After receiving numerous inquires about this company, we set out to answer the question, "What is Nu Skin Enterprises?".
Founded in 1984 in Utah, United States, Nu Skin is one of the longest-running multi-level marketing companies there is.
While it is an official company with a presence on the stock exchange, many people claim Nu Skin Enterprises is a scam, and a long-running one at that.
Is there truth to those claims?
Or is Nu Skin really a once in a lifetime opportunity?
Continue reading to learn more.
Nu Skin Review Summary:
Product Name: Nu Skin Enterprises
Product Type: MLM Health Industry
Price: Entry-level Kit, usually $400 +
Summary: More of the same. Nu Skin is a MLM company in the health and personal care niche. Their rewards system is unnecessarily complicated, and only 15% of the people who sign-up receive a check. The company has also been charged with operating an illegal pyramid scheme.
Continue reading to learn more...
What is Nu Skin Enterprises?
Nu Skin Enterprises might look like a good business opportunity on the surface, but when you dig a little deeper things start to become more clear.
Nu Skun Enterprises is a multi-level marketing company that develops over 200 personal care products, ranging from facial creams to essential oils. Most of these products can be found elsewhere, for much cheaper.
But Nu Skin Enterprises offers a "financial rewards" system to encourage people to sign on as distributors.
The compensation system works much like other multi-level marketing companies, where the goal is to make retail sales and build a team. There are fast start bonuses, prize pools, volume commissions, and other standard rewards found in multi-level marketing companies. These products are very similar to Monat's.
Wait a Minute!
Promoting a MLM Company is NOT a good idea.
Nu Skin uses a slightly different block-system to manage sales, where you earn bonus points depending on how many blocks you earn.
What You Should Know:
Before we dive into the block-system, there are a few things that you should know about Nu Skin enterprises.
One of the most shocking facts about this company is out of 100% of their members, only 15.42% earned a check. Keep in mind the income disclosure doesn't mention anything about profit.
Secondly, in 2014, the Chinese government accused Nu Skin enterprises of being an illegal pyramid scheme. The company paid a settlement of $47 million plus another $750,000 for bribing a Chinese official, as well as other fines.
When China accuses you of being a pyramid scheme, that's when you know things are bad.
Nu Skin has been involved in other lawsuits as well, which we'll discuss later on in this review. Immediately we can see this company has a shady history.
To "Join the team" you need to purchase at least one introductory kit. There are over 20 of these kits, most of which are over the $448 mark.
This one, which is supposed to last for 90-days, costs $1,642:
Of course you can choose to add these to your ADR cart, which automatically orders the product for you every month. I don't know about you, but I don't think paying $1,642 for some random supplements is worth it.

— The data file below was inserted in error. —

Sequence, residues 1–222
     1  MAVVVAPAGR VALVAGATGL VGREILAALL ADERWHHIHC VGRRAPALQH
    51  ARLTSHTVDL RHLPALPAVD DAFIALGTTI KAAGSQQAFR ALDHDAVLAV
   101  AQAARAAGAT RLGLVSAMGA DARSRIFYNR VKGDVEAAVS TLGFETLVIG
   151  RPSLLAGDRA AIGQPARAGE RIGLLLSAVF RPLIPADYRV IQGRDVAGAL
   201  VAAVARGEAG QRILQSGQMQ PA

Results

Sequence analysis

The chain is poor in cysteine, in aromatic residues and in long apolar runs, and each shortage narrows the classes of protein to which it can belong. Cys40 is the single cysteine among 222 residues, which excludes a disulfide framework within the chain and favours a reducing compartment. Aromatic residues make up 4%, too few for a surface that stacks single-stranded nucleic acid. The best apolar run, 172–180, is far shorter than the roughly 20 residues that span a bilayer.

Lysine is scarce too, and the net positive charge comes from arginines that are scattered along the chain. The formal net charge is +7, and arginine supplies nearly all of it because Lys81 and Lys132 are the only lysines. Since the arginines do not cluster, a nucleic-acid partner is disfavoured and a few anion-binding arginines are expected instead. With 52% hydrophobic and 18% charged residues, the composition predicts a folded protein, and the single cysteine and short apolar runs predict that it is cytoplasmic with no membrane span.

At least they include a tape measure.
With that in mind, lets continue to the block-system.
Nu Skin Enterprise's Block System:
Nu Skin's rewards system is called Velocity, and consists of several categories: Share, Lead, and Build. The idea is to qualify for a leadership role as quickly as possible.
When you sign up as a Brand Affiliate you'll be given a Velocity account, it's like a sales management system, for Nu Skin members.
Blocks are way for the company to batch together different sales activity under your account. For example, your retail sales, brand affiliates, members, and representatives are all under one block. If it sounds unnecessarily complicated, that's because it is.
To qualify for a leadership role, members can participate in the block system. When you complete 12 Building Blocks in 6 months you can qualify for a Sales Leader Position.
Thanks to the Internet, I'm constantly getting at least 20 new leads per day without doing any cold calling, hard selling or recruiting.
I've already achieved financial independence after working 1 year in affiliate marketing by earning a 4-Figure Passive Income Online.
This position will unlock weekly bonuses, with a commission rate of between 5 and 40%, as well as other bonuses. The more blocks you earn, the higher the commissions. You need to complete four blocks a month to maintain the position. Currently, there are two types of blocks: Building Blocks and Sharing Blocks.
You earn one Building Block when your group earns 500 sales volume from anywhere in your group. The Sharing Blocks, on the other hand, have to come from your registered customers.
When they order something worth 500 Volume you earn one Sharing Block. You're paid for each block on a weekly basis, four times a month, and each Block can have a specific commission rate to it.
But these blocks will accumulate naturally while you go about the usual business if promoting the company and trying recruit new members.
Nu Skin Rewards Plan:
The Nu Skin Enterprise's rewards plan is identical to other multi-level marketing companies, so we'll briefly run through it.
There are six ways to make money with Nu Skin, but the first three are the easiest to get started with. The first three are:
- Enroll Customers
- Retail Profits
- and Volume Commissions
Oddly enough, the compensation plan mentions members set their own markup for retail sales, so the company doesn't track earnings from retail profits. That sounds a little fishy too me.
And then when you qualify for an Active Distributor membership you can earn the following bonuses:
- Executive Bonuses
- Wealthy Maximizer
- MEGA Performance Pool
Of course, most people will be stuck with the first three methods, only about 12% of the members qualify for the other bonuses.